Thus began a series of auditions, culminating in one with Kelly in Rodgers’ office, where Leung and Kelly exchanged little zingers about their respective dancing prowess. Leung told Kelly that “some people call me the Chinese Gene Kelly, but I think I’m a little better than that.” Still, he got the job--replacing Soo after Soo moved up to take over the starring role of Sammy Fong.

Leung’s big Broadway break wasn’t exactly a breakthrough. He was told to play the role like Soo, he recalled, even though, in his words, “Soo was tall and moved like a snail. I was 5 feet 5 inches and moved like a hare.” He wasn’t getting many laughs.

According to Leung, the stage manager suggested that altering his costume during part of his performance might help. That alteration enraged Joseph Fields, Hammerstein’s collaborator on the libretto. During the intermission of the first performance with the costume change, Fields confronted Leung backstage, and the argument became physical--Leung said he almost threw Fields into the orchestra pit. He was fired the next day, but he was allowed to play out his contract. During the next seven weeks, “they couldn’t fire me again, so I changed everything. It was a gas.”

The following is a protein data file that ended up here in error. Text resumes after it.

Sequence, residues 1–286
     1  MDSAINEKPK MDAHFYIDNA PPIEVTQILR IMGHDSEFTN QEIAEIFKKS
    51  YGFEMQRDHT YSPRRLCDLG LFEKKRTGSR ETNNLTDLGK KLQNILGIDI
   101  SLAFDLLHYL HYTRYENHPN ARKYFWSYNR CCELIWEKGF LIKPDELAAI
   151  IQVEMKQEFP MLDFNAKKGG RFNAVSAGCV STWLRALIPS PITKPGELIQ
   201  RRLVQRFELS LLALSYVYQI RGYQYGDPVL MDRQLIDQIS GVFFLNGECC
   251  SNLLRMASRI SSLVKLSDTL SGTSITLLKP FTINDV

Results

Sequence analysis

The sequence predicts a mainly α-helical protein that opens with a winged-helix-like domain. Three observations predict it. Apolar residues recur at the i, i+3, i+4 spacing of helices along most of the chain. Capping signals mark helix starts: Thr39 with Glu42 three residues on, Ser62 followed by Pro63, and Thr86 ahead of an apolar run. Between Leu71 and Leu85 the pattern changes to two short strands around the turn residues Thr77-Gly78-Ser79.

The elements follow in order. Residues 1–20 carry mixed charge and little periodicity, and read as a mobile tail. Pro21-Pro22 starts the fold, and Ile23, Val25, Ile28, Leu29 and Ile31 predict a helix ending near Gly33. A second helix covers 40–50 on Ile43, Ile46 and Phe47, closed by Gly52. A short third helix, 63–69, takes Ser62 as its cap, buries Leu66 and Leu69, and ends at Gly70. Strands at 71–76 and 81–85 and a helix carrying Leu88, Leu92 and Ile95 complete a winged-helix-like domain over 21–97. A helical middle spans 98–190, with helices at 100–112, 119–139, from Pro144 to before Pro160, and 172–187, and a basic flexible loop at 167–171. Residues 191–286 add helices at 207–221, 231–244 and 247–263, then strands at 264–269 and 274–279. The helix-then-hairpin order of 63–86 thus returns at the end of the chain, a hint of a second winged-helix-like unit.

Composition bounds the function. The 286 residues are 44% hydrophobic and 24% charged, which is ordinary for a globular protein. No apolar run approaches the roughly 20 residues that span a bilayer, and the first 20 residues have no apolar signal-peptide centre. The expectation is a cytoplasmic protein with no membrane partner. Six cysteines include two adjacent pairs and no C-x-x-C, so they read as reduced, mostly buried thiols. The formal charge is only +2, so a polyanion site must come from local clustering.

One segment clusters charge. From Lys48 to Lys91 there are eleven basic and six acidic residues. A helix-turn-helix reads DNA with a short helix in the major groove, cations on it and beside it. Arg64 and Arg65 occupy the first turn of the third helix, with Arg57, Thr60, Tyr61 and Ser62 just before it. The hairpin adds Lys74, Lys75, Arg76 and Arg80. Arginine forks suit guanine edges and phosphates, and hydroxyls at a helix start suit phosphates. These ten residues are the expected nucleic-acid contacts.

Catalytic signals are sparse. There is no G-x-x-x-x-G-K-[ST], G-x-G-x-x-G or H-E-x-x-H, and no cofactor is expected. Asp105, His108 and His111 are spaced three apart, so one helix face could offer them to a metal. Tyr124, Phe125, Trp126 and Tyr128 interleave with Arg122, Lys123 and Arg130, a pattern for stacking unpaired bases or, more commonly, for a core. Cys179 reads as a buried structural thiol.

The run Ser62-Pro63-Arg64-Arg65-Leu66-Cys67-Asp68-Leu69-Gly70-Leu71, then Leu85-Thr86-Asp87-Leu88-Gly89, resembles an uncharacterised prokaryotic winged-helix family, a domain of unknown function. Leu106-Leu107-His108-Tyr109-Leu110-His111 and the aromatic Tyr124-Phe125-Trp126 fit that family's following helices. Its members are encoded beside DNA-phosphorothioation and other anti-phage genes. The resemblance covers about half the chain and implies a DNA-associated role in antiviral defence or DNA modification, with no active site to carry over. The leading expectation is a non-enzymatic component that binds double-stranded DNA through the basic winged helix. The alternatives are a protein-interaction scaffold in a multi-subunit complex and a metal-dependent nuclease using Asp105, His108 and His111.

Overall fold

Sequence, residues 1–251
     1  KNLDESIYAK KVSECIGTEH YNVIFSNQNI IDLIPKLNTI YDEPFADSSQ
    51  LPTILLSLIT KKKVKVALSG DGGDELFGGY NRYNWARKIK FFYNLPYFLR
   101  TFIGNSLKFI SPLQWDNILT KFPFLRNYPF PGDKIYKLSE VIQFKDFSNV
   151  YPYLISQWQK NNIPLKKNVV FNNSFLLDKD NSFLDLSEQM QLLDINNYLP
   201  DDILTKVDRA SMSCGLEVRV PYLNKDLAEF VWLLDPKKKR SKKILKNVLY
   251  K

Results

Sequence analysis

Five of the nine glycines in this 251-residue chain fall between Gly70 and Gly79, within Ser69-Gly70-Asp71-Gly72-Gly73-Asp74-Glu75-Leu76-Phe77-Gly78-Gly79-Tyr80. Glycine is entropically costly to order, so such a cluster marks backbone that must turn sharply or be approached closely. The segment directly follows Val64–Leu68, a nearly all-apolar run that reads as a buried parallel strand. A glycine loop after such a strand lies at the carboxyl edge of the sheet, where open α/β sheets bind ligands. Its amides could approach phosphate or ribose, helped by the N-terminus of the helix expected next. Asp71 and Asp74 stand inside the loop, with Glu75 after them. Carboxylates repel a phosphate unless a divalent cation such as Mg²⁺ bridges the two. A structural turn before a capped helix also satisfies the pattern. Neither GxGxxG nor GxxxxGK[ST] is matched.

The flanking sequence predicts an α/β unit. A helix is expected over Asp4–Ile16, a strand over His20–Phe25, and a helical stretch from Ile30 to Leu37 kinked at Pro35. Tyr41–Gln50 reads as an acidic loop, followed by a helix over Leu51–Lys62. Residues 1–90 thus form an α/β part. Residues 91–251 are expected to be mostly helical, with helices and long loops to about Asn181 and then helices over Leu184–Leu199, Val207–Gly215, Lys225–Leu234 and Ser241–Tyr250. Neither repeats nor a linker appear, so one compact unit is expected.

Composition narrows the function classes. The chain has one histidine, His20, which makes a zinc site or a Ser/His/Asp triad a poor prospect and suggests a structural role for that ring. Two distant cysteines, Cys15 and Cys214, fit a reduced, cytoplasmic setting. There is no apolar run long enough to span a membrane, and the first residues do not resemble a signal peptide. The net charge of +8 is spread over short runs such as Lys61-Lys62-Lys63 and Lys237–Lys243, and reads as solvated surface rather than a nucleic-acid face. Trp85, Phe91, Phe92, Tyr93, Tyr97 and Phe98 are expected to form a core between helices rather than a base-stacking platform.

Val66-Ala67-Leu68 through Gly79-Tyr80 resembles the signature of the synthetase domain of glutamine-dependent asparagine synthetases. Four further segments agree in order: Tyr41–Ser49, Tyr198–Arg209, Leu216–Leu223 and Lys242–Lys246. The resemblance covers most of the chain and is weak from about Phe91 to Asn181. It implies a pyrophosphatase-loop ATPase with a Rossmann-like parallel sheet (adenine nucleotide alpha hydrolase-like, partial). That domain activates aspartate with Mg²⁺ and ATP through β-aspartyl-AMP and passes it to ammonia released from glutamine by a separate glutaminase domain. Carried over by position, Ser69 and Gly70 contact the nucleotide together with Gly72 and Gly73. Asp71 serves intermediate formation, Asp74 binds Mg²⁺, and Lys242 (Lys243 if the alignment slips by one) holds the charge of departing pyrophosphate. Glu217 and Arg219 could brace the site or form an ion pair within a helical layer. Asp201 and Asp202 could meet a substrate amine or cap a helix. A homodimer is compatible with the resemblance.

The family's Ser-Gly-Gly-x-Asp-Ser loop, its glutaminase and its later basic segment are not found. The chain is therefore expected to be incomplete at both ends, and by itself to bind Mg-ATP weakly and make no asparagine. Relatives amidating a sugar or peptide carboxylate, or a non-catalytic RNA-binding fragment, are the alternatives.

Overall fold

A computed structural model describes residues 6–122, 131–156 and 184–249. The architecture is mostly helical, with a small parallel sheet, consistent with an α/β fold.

Leung said he lost several opportunities to appear as Sammy Fong in subsequent productions, because he was “blackballed” for more than a year because of the incident. But eventually he was cast as Sammy Fong in a number of theaters around the country.

Leung, whose Cantonese father married a Scottish woman, still speaks with a trace of an Australian accent. He became a teenage tap dancer in the music halls of Sydney. After military service in World War II, he worked his way to San Francisco, where he was half of an act called the Wing Brothers, which brought him to New York.